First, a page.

A peace worker who wants to become Britain's first transgender rabbi is to feature in a new prime-time documentary.
Maxwell Zachs, who did not want to give his birth name, was born female but began the physical transition to become a man in 2009.
The 25-year-old features in Channel 4's My Transsexual Summer, a four-part series following seven transgender men and women who share a house as they experience the highs and lows of changing gender.
Viewers will see the group taking hormone injections, receiving verbal abuse on nights out, and struggling with the difficult task of telling their families about their sex changes.
Mr Zachs is shown wearing his kippah around the house; one episode features scenes filmed at North West Reform Synagogue, where he is a member.
Rabbi Laura Janner-Klausner is interviewed about his role in the community and Jewish attitudes towards gender reassignment.
Mr Zachs, of Tottenham, north London, is the national secretary of the Keshet UK group, which works with Jewish lesbian, gay, bisexual and trans people. He also works for the Quakers.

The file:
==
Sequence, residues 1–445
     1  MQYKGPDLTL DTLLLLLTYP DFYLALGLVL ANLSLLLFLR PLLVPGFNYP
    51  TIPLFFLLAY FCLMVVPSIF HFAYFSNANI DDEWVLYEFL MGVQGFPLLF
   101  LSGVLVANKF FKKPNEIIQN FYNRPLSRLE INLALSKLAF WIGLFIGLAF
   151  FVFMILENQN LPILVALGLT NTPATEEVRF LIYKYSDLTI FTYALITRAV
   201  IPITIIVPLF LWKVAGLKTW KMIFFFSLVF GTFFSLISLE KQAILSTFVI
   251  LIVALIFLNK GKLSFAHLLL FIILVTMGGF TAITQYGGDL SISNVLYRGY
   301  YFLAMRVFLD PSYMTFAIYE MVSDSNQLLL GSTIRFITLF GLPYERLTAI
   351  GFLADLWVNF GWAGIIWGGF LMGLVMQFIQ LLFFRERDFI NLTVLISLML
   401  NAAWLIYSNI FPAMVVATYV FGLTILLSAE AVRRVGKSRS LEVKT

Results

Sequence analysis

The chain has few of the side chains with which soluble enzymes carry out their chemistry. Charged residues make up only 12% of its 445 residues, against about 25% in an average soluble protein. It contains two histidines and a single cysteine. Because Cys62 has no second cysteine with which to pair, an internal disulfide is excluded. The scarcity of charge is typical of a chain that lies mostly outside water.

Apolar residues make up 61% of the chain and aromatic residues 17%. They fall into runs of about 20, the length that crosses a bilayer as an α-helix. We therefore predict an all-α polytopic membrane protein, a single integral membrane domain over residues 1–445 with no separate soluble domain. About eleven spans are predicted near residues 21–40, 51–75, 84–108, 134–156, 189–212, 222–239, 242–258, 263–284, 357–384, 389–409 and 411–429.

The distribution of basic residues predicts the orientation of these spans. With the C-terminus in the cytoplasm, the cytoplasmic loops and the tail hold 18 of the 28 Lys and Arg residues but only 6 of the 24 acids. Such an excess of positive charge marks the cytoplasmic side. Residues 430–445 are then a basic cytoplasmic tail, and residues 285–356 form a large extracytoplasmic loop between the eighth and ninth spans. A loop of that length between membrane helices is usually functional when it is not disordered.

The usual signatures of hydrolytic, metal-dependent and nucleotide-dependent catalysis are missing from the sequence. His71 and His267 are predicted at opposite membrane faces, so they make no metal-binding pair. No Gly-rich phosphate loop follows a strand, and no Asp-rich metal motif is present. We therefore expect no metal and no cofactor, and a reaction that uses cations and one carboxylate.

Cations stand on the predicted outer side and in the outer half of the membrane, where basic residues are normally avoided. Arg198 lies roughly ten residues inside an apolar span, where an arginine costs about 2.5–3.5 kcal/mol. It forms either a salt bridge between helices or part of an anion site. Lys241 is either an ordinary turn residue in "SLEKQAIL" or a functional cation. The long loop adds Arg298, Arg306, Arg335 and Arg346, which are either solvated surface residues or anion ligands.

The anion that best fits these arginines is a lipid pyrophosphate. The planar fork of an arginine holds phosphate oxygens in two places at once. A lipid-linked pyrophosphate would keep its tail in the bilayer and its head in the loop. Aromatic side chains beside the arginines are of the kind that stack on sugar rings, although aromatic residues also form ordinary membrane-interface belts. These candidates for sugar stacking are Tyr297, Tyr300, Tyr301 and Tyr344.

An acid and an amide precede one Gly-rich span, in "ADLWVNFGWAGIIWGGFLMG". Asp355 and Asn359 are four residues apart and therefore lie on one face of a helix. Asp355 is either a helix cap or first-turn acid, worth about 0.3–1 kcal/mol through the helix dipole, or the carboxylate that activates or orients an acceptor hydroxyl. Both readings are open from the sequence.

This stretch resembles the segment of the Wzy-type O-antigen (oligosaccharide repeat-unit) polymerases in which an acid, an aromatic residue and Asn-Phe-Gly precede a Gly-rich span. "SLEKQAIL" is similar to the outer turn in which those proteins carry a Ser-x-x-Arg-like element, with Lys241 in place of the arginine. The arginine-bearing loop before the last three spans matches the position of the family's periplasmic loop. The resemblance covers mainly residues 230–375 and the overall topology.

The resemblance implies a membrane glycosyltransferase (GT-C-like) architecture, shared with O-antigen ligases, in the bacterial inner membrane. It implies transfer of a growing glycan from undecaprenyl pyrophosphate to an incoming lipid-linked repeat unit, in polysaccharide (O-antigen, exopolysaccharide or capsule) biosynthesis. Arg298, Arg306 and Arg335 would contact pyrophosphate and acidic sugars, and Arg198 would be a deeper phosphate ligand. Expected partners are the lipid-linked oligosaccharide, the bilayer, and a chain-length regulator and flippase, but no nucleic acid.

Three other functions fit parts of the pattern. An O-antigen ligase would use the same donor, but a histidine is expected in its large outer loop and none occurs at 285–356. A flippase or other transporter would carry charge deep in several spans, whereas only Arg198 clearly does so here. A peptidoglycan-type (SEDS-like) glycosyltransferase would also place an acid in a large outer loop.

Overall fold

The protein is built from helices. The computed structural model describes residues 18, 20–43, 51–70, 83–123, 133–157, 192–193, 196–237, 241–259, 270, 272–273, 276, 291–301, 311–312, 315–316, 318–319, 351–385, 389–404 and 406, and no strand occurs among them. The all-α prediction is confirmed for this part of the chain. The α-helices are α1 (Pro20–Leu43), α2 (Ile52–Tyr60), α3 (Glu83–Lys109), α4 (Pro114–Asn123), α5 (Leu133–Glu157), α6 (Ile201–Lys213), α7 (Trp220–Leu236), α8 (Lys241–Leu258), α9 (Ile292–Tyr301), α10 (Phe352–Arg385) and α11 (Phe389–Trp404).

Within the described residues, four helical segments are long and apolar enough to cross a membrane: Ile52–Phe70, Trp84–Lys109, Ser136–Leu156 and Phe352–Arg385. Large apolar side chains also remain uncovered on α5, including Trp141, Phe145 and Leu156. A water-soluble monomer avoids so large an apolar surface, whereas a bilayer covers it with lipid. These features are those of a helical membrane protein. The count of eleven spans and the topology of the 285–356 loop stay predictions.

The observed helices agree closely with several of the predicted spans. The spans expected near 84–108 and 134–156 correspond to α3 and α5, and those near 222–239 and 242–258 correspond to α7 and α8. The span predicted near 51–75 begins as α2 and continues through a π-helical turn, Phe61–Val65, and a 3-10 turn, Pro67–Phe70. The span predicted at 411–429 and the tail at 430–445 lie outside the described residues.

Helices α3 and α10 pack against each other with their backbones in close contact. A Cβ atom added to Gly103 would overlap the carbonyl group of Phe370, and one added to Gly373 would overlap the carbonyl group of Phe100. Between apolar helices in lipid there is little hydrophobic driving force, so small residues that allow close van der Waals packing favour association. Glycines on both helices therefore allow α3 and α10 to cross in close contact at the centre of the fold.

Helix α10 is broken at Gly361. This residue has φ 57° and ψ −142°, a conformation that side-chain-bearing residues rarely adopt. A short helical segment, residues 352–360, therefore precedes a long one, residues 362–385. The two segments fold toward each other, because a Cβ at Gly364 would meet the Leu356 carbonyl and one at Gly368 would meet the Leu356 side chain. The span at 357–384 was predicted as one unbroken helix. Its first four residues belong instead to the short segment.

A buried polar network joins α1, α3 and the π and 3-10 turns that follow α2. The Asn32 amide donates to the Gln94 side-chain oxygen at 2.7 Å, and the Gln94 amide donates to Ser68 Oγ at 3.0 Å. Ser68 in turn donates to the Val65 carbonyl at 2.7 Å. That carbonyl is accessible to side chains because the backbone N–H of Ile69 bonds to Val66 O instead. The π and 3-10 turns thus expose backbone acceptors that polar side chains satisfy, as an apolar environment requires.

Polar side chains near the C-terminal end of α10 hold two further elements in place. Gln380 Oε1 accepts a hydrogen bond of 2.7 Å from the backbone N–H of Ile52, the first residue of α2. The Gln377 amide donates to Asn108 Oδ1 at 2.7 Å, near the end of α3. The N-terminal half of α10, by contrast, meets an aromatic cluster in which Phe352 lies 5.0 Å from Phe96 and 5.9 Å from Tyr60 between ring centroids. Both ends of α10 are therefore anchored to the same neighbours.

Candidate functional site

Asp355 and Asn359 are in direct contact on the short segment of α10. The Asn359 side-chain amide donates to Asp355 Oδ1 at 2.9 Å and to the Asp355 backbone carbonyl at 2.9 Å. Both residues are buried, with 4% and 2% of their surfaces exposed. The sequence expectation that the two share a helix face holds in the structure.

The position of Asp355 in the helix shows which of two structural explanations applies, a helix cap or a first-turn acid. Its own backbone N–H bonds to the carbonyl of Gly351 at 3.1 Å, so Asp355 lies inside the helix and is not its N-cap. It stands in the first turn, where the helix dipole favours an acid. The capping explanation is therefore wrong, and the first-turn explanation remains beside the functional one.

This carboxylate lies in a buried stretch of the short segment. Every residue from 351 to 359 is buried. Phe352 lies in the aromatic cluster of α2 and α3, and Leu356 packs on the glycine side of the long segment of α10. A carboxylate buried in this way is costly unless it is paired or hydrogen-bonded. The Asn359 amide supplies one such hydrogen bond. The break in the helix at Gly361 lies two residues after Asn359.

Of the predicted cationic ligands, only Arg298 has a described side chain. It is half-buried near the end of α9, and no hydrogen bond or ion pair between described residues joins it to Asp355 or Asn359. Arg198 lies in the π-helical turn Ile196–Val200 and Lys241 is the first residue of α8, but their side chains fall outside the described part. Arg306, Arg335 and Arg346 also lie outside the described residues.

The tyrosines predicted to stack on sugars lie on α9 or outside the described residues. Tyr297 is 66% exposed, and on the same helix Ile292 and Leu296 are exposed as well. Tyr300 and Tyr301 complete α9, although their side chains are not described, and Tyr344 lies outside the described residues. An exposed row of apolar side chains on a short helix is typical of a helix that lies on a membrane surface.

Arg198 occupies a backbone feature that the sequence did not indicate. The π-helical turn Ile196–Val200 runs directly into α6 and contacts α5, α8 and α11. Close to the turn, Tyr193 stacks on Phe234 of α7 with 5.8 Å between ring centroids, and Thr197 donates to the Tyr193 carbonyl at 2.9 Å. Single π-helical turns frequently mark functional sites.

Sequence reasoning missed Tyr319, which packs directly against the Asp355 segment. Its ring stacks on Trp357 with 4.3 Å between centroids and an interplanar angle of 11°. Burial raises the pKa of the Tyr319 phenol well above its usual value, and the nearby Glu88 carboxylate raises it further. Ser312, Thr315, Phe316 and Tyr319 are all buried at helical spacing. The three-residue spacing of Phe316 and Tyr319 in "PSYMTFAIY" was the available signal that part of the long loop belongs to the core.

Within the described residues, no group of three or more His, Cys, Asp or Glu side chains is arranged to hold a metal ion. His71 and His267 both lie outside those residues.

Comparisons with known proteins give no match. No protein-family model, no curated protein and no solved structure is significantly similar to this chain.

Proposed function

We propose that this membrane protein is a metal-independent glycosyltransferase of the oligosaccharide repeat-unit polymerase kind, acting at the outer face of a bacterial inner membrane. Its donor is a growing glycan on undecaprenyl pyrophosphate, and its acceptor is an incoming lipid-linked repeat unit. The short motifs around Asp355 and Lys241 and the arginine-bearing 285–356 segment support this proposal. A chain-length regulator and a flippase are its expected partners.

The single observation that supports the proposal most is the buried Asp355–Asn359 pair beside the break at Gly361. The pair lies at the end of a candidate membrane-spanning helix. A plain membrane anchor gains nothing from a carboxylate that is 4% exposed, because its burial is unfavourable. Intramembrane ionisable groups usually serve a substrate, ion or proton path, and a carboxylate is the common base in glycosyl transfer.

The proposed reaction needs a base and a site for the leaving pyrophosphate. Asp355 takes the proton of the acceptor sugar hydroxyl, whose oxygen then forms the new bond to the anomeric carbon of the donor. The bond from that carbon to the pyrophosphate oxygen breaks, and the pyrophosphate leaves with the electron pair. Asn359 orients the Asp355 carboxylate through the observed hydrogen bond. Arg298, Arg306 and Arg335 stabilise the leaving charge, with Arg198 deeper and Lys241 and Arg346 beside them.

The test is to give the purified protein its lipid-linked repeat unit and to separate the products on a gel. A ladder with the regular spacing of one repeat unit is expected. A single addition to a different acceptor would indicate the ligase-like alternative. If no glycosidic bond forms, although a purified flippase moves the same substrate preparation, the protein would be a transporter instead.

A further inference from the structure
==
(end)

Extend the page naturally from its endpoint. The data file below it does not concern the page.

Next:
He said: "When I told my family about my transition they were not very comfortable with it. In the end they decided they would rather have an unhappy daughter than a happy son. That was not a comfortable position for me, and so we parted ways. "
But in recent months Mr Zachs has regained contact with his grandmother, who appears in one episode.
"In my early 20s I was dealing with my gender and also decided that I wanted a more Jewish life. Judaism has been so important for me because I felt connected, when not a lot else made me feel connected. When I first started my transition I did not know whether I would find a community that would welcome me.
"I did a lot of text-based study on my own. I loved that and it formed a big part of my life. I fell in love with how we work as a community to support each other and draw so much from these texts.
"For me it's not really about becoming Britain's first trans rabbi, it's just about doing what I want to do with my life."
Mr Zachs hopes to train as a rabbi after completing a master's degree.
In January last year he travelled to Bangkok, Thailand, for gender reassignment surgery.
"The reason I wanted to do the show was because I think transgender people are invisible, and that includes within the Jewish community as well. I've never had a negative experience within the community – people sometimes have no idea how to include me or help me, but they are always willing to learn, which is great. But as a community we still need to do more to educate about transgender people."